Stacy Murphy has a great sense of humor and has always had a deep passion for helping students in need. She enjoys laughing and especially likes making others laugh. She grew up in Cheyenne, Wyoming with both of her parents. They are still married and live in Cheyenne today. Murphy grew up with five siblings that she loves to visit and take trips with. Murphy’s family often takes big trips with most of the family. Murphy’s kids, her parents, siblings and nieces and nephews attend. Now Murphy lives in Laramie, Wyoming with a family of her own. Because they live so close to Cheyenne, they get to visit Murphy’s parents quite often.

Murphy is a mom, teacher, counselor, a dog lover and a landlord. She rents out the apartment below her house. The tenants are usually college students at the University of Wyoming, but she has also rented to family members, close friends and other people passing through Laramie. There are many facets to Murphy’s personality. She loves to joke around and laugh, but she becomes serious about the safety and success of her students and children. She builds relationships with all the people she encounters, and they usually notice that she cares a lot about her students.

Murphy went to College at UW after graduating from high school in Cheyenne. She got a masters in mental health counseling and a bachelor’s degree in Psychology. “I feel like I have always been drawn to this career path,” Murphy said. She never changed majors in college, in fact she felt like she knew what she wanted to do for a career throughout high school. She worked hard and stubbornly in order to be able to do the job she does today.

Her current job title is a special education counselor. In this job she gets to run the Connection Classroom at Laramie High School. The Connection Classroom is a class that provides students with a place to come to work on emotional regulation, organization and academic engagement skills. This class started out as a lunch group at the old LHS. Murphy was one of the main staff members that contributed to the creation of this support opportunity. Murphy believed that the school needed this lunch group to be bigger and become a class. It has grown into a class with more staff that can offer class credit.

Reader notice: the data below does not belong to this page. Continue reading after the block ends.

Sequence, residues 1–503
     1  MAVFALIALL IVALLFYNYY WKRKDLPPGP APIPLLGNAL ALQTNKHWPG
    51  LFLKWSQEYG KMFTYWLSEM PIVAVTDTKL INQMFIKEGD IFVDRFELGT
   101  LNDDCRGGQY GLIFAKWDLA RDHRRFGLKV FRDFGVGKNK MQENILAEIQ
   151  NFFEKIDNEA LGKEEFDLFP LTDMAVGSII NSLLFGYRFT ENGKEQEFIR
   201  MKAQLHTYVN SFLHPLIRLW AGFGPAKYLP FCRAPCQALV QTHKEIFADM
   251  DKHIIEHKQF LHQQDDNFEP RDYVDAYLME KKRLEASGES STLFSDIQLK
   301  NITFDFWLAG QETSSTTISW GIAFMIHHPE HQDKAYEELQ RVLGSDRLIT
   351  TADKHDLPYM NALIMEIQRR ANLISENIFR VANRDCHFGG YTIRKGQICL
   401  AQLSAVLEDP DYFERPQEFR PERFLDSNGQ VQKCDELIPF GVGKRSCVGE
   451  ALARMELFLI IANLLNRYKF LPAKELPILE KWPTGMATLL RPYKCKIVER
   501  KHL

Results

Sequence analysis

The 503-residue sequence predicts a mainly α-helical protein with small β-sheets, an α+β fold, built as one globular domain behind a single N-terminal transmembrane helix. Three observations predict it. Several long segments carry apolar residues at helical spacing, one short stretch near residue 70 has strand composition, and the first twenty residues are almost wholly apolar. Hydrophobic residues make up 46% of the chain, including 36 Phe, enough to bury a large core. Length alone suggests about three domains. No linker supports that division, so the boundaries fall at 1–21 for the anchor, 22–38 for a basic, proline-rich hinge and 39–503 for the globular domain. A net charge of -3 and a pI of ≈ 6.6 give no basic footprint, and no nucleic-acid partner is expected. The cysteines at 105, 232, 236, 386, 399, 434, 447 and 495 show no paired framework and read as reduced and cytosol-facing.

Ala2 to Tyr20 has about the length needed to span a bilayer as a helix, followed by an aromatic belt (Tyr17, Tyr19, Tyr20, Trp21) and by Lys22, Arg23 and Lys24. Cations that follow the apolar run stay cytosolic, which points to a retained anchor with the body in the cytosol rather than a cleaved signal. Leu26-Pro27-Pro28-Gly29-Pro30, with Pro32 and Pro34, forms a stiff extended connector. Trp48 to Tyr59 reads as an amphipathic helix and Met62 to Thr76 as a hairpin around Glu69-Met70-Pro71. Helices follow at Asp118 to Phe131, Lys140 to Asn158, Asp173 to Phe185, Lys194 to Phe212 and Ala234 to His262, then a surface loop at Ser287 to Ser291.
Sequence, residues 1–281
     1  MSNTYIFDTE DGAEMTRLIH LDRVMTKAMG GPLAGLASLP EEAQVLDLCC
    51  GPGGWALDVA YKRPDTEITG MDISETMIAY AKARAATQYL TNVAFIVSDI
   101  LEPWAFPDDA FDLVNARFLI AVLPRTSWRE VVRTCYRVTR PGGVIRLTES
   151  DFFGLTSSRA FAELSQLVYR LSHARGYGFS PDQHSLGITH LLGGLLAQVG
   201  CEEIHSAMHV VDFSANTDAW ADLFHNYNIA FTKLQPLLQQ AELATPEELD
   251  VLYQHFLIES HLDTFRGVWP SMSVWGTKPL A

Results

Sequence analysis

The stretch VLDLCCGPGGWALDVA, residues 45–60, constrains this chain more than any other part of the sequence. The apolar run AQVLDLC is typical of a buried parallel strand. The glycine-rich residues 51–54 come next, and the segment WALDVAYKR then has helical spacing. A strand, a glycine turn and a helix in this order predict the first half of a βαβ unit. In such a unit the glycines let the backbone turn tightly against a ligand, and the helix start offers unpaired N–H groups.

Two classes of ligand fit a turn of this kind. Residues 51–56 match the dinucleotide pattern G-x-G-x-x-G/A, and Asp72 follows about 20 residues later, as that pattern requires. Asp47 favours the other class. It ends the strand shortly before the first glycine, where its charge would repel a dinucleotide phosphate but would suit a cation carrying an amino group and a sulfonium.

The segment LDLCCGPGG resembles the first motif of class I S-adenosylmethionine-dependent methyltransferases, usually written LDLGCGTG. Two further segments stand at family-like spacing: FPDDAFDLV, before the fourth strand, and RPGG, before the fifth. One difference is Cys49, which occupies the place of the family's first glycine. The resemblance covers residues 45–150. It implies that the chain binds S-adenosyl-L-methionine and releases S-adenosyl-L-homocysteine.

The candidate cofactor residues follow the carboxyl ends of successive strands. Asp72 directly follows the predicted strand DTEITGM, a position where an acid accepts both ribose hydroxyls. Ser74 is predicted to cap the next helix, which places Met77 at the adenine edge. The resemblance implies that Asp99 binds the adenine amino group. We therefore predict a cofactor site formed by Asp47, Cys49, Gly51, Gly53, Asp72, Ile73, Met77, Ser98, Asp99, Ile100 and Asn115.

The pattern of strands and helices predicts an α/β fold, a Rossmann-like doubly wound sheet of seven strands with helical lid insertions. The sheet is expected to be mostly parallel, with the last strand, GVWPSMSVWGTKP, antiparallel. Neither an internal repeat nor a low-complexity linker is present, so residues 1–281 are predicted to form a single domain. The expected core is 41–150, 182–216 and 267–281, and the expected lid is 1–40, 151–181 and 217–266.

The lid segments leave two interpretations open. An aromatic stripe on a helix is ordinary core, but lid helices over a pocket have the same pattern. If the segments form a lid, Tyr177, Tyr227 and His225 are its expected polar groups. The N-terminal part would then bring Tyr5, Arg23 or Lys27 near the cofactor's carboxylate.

The Connection Classroom was developed by Stacy Murphy, Laura Niswender, Nancy Lockwood, Angy Hampton and other special ed staff. This class gives students a place to go to get support, help with academics, learn job skills and behavioral skills to use in many different settings. “This class is important for the school and the students because the school needed a way to help reduce the number of kids dropping out, help them get enough credits, help control behavior issues and provide a place for students in crisis,” Murphy said. This program could also potentially benefit the safety of the students in the class and the students outside of it.

Administrates were supportive of the group becoming an offered class at LHS, because they saw the need that Murphy saw. This class started out as one social studies class as soon as they found a classroom space that could be given to Murphy and other Special Ed staff. Getting a classroom was a big challenge because the school already offered so many different classes. In the beginning this classroom also offered the identified students in the school an open supported study hall, a place to take a break to benefit mental health when needed, and a place for students in crisis to come and get help. Over years the program slowly developed more classes that could offer students credits. Murphy was persistent in the push to strengthen and grow this program, because she strongly believes that it could help a lot of students. “Debbie Bastian and I then went through the school board to get an emotional regulation credit baring class added the second year, which was approved,” Murphy explained. Now an academic intervention class, a restorative justice class and their own physical education class taught by one of the school’s gym teachers are all offered for credit. Three years ago, an intensive or self-contained classroom was created outside of the connection classroom for students in need of a greater and more private support.